Exogenous melatonin as a treatment for secondary sleep disorders: A systematic review and meta-analysis

Front Neuroendocrinol. 2019 Jan;52:22-28. doi: 10.1016/j.yfrne.2018.06.004. Epub 2018 Jun 15.


Melatonin is a physiological indoleamine involved in circadian rhythm regulation and it is currently used for secondary sleep disorders supported by empirical evidence. A small amount of evidence and some controversial results have been obtained in some randomized controlled trials (RCT). The objective of this meta-analysis is to determine the efficacy of exogenous melatonin versus placebo in managing secondary sleep disorders. Literature retrieval of eligible RCT was performed in 5 databases (PubMed, Embase, Cochrane Library, ClinicalTrials.gov, and Web of Science). In total, 7 studies of 205 patients were included. Pooled data demonstrate that exogenous melatonin lowers sleep onset latency and increases total sleep time, whereas it has little if any effect on sleep efficiency. Although, the efficacy of melatonin still requires further confirmation, this meta-analysis clearly supports the use of melatonin as a management for patients with secondary sleep disorders.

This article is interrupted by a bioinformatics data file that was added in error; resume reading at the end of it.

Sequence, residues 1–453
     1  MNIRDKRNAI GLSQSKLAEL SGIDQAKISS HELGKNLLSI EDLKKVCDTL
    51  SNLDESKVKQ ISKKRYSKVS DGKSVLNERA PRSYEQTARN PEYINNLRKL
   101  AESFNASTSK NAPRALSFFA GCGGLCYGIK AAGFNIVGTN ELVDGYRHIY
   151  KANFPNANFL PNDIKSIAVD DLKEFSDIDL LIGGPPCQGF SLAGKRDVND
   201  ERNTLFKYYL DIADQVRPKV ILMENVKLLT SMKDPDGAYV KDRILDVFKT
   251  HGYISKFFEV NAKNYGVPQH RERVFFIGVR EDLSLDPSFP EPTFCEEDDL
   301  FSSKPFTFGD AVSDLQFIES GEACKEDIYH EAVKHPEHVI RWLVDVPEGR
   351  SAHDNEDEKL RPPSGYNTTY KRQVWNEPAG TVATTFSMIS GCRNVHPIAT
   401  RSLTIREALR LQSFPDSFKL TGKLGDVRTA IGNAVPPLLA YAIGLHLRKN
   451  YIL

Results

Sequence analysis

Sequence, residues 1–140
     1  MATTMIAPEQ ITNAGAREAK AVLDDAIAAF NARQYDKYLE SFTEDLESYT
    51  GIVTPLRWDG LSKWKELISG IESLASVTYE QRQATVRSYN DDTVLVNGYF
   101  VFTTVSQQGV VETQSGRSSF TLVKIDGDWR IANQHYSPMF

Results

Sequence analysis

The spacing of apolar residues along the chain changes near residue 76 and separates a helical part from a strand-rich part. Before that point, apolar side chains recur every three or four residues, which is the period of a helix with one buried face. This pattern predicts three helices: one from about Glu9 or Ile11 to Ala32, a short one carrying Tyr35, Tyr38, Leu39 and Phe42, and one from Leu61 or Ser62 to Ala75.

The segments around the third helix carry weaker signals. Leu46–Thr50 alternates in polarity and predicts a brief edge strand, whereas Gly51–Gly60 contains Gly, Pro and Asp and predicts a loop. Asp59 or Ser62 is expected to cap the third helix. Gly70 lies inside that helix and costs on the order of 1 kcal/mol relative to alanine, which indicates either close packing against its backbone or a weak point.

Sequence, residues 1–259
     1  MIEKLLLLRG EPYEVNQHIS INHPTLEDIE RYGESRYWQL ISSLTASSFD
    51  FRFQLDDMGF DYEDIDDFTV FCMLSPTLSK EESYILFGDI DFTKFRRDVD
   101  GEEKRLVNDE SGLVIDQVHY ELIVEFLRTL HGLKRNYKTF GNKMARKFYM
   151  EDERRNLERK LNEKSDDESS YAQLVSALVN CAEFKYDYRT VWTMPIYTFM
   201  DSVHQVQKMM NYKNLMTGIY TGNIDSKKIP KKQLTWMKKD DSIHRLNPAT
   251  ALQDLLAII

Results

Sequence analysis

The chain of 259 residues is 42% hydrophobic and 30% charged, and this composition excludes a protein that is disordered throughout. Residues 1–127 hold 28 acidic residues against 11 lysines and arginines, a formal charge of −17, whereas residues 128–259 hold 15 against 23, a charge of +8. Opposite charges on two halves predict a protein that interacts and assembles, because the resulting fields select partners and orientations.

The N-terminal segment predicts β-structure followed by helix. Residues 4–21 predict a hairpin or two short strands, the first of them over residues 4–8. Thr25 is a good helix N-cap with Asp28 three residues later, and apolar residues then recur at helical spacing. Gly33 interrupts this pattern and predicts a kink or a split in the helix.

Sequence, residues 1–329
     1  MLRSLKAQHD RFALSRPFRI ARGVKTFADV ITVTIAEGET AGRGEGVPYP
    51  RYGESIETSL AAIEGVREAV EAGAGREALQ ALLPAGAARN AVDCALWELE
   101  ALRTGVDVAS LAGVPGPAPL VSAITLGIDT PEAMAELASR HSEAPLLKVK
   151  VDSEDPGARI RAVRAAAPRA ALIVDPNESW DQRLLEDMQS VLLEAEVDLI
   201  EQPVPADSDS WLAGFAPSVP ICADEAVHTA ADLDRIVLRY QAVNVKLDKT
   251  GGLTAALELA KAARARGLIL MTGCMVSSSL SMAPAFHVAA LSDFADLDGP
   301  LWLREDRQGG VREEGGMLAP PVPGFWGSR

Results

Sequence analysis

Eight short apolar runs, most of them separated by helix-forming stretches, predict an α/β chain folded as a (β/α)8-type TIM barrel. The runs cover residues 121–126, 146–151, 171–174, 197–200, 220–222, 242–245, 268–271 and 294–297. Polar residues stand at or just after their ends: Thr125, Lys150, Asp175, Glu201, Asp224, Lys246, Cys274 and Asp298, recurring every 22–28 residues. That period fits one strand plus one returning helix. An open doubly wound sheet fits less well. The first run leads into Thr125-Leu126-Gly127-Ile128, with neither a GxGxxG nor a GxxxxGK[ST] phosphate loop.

Keywords: Melatonin; Meta-analysis; Secondary sleep disorders; Sleep efficiency; Sleep onset latency; Total sleep time.

Publication types

  • Meta-Analysis
  • Research Support, Non-U.S. Gov't
  • Systematic Review

MeSH terms

  • Central Nervous System Depressants / pharmacology*
  • Humans
  • Melatonin / pharmacology*
  • Sleep Stages / drug effects*
  • Sleep Wake Disorders / drug therapy*


  • Central Nervous System Depressants
  • Melatonin